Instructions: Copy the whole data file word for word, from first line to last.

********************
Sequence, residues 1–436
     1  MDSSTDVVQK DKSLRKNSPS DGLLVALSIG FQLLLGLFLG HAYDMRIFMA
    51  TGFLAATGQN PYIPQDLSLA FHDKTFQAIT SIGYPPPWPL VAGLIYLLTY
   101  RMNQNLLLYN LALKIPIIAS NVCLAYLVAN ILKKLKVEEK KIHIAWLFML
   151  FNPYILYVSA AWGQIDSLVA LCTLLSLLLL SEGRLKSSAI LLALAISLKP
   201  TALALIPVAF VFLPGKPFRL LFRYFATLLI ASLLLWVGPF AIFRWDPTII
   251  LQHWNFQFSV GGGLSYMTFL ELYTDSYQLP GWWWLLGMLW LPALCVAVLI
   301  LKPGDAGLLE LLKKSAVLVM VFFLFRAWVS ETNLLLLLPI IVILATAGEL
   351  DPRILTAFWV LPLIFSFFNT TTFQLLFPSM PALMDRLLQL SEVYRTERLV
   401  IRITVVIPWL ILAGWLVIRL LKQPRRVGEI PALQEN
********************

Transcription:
Sequence, residues 1–436
     1  MDSSTDVVQK DKSLRKNSPS DGLLVALSIG FQLLLGLFLG HAYDMRIFMA
    51  TGFLAATGQN PYIPQDLSLA FHDKTFQAIT SIGYPPPWPL VAGLIYLLTY
   101  RMNQNLLLYN LALKIPIIAS NVCLAYLVAN ILKKLKVEEK KIHIAWLFML
   151  FNPYILYVSA AWGQIDSLVA LCTLLSLLLL SEGRLKSSAI LLALAISLKP
   201  TALALIPVAF VFLPGKPFRL LFRYFATLLI ASLLLWVGPF AIFRWDPTII
   251  LQHWNFQFSV GGGLSYMTFL ELYTDSYQLP GWWWLLGMLW LPALCVAVLI
   301  LKPGDAGLLE LLKKSAVLVM VFFLFRAWVS ETNLLLLLPI IVILATAGEL
   351  DPRILTAFWV LPLIFSFFNT TTFQLLFPSM PALMDRLLQL SEVYRTERLV
   401  IRITVVIPWL ILAGWLVIRL LKQPRRVGEI PALQEN